On the third level, the day we visit, is an exhibition of more than 70 works by members of the Swiss Papercut Association, who capture the country’s day to day life in Typically Swiss, découpage from small format works to large installations. See Swiss Army knives, clocks, swans, cows, chalets – and Myrtha Hollenweger’s intricate butterfly-strewn flag. It’s all there in the kind of fine traditional craft detail that Hans Erni admired.

 When you’re done, explore the Swiss Museum of Transport which manages to make the world of logistics seriously sexy.

 Address: Lidostrasse 6. Open: April to October, 11am-6pm; November to March, 11am-5pm;

Making an impression

The Real Picasso is writ large at the Museum Rosengart Collection, which started life as the collection of art dealer Siegfried Rosengart and his daughter, Angela. The beautiful Angela Rosengart was frequently painted and sketched by Picasso.

In 1992, Rosengart established the Rosengart Foundation to enable her to put the works in her private collection on public display. In 2000, she purchased a 1924 building in Lucerne that used to be the Swiss National Bank. It became the museum’s permanent home in 2002.

The Rosengart Collection brings together more than 300 Classic Modernist and Impressionist works of art.

In the basement are 125 watercolours, drawings and oil paintings by Paul Klee (1879-1940), the Swiss-born German artist influenced by expressionism, cubism, and surrealism.

The ground floor is dedicated to works by Pablo Picasso, arranged in chronological order which allows visitors to trace the development of the artist through paintings from 1938 to 1969.

Picasso’s drawings and prints are on the second floor. So are his five portraits of Angela Rosengart. In addition to the Picassos, works by more than 20 other artists are also displayed – potent cameo roles from Money, Renoir, Cézanne, Kandinsky, Georges Braque and Pierre Bonnard.

 Address: 10 Pilatusstrasse. Open: April to October, 10am-6pm daily (including public holidays); November to March, 11am-5pm daily (including public holidays);

Moving target

David Hockney, the master of reinvention, is in town. Now, that’s a stroke of luck! An exhibition of the British artist’s work, Moving Focus, is at the Kunstmuseum Luzern, right by the train station, until October 30.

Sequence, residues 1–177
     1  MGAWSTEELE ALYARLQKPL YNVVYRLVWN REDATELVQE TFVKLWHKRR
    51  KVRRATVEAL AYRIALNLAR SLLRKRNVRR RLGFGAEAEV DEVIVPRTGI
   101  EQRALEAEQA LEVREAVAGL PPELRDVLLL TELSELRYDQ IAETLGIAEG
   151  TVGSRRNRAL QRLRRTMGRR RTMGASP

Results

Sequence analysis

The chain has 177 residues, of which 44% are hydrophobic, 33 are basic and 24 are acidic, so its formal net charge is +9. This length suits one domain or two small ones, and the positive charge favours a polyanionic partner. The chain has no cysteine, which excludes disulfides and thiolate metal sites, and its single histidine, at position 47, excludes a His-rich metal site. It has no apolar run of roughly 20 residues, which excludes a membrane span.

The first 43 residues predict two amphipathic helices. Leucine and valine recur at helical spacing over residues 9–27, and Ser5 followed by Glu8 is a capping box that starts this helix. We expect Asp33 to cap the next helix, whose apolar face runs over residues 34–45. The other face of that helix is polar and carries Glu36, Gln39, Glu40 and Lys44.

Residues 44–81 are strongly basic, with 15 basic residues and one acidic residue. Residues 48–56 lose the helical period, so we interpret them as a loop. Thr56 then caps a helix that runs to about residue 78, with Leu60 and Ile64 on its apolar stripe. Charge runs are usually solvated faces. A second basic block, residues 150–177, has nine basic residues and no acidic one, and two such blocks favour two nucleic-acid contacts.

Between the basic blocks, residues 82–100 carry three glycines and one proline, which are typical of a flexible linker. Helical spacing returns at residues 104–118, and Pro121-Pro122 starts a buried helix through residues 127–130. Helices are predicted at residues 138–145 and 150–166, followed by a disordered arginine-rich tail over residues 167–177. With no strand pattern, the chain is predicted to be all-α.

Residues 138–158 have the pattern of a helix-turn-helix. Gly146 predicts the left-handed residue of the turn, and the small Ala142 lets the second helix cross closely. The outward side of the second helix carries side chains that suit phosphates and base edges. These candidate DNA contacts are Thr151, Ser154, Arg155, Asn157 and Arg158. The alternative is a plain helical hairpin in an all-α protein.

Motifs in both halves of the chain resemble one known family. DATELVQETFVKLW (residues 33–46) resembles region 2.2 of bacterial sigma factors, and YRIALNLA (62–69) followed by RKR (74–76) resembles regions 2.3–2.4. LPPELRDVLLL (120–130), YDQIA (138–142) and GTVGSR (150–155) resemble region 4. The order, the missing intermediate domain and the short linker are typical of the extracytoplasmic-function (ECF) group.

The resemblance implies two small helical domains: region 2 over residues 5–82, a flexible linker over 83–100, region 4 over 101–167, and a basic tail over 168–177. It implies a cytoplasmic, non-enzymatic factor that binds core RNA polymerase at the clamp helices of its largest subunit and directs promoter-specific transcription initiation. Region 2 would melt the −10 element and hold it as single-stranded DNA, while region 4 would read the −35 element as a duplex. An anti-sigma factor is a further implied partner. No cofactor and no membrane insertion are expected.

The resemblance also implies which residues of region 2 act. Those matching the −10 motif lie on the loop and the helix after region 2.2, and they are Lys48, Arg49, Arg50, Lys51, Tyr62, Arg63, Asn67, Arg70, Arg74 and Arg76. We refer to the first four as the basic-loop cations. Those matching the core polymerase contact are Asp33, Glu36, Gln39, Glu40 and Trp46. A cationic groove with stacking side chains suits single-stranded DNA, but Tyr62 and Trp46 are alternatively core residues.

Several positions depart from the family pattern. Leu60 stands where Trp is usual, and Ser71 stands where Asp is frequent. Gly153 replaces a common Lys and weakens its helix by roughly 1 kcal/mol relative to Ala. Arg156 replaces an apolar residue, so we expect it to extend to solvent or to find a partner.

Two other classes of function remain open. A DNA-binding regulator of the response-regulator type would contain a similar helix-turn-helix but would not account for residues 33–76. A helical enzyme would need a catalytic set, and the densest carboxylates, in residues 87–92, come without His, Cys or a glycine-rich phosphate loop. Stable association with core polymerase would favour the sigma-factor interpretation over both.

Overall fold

While the title references Hockney’s 1980s works, it is a retrospective of works from 1954 to 2018, encompassing genres from naturalist to abstract and his romance with the iPad, reconciling approaches that are both traditional and innovative.

A highlight is the tangle of branches in the landscape Bigger Trees Near Warter Or/Ou Peinture Sur Le Motif Pour Le Nouvel Age Post-Photographique (2007), which, at 12 metres wide, consists of 50 canvases.

There are the colourful panoramas of the Hotel Romano Angeles in Acatlán, Mexico; portraits of his mother and his friend, green-eyed British fashion designer Celia Birtwell; comments on perspective; and one of his earliest works, created at 17, Woman with a Sewing Machine.

Upcoming at the Museum of Art Luzern are exhibitions by Shara Hughes, Roee Rosen and Claudia Kübler.

Address: Europaplatz 1. Open during Hockney: Tuesday to Sunday 10am-6pm; Wednesday 10am-7pm; Monday closed;

Icy predictions

The retreating of glaciers is a big topic of conversation all over Switzerland. There are many walks that mark, at regular intervals, spots where glaciers used to reach. At the Glacier Garden you can travel back in time and see what Lucerne looked like when the landscape was covered by glaciers. Or when subtropical palm beaches were a feature of the landscape.

At the Glacier Garden are kettle basins dating from the last Ice Age, 20,000 years ago. As well as fossilised shells and palm leaves from the subtropical ocean region some 20 million years ago.

Address: Denkmalstrasse 4. Open: April to October 9am-6pm daily; November to March 10am-5pm daily;

Photos Susan Skelly and Supplied by Lucerne Tourism


Editor. Writer. Traveller. Keeping tabs on all things fab.

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Copyright © Susan Skelly 2020.